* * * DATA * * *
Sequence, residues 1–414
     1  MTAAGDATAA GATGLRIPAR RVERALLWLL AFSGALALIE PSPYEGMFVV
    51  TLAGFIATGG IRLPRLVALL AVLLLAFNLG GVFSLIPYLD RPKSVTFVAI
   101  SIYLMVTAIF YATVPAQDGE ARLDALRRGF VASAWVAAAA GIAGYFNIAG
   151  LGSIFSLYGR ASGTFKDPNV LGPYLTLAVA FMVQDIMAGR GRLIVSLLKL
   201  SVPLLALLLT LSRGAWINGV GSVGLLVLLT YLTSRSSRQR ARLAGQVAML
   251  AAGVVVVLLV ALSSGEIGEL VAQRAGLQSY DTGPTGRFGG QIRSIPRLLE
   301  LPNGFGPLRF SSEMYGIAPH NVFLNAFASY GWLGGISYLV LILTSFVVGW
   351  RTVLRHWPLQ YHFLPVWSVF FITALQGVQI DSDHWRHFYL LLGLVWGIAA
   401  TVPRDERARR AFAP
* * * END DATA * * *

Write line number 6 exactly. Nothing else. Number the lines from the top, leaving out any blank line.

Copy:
   201  SVPLLALLLT LSRGAWINGV GSVGLLVLLT YLTSRSSRQR ARLAGQVAML